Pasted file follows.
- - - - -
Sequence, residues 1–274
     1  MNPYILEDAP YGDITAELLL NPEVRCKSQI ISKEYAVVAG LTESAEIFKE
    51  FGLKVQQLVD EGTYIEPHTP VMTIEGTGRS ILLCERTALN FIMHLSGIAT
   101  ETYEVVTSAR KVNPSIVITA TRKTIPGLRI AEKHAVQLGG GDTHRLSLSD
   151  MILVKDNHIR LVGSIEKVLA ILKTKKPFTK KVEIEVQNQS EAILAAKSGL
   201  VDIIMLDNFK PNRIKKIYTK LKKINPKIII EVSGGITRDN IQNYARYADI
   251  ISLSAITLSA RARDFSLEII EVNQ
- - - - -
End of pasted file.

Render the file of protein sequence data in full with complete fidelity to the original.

Sequence, residues 1–274
     1  MNPYILEDAP YGDITAELLL NPEVRCKSQI ISKEYAVVAG LTESAEIFKE
    51  FGLKVQQLVD EGTYIEPHTP VMTIEGTGRS ILLCERTALN FIMHLSGIAT
   101  ETYEVVTSAR KVNPSIVITA TRKTIPGLRI AEKHAVQLGG GDTHRLSLSD
   151  MILVKDNHIR LVGSIEKVLA ILKTKKPFTK KVEIEVQNQS EAILAAKSGL
   201  VDIIMLDNFK PNRIKKIYTK LKKINPKIII EVSGGITRDN IQNYARYADI
   251  ISLSAITLSA RARDFSLEII EVNQ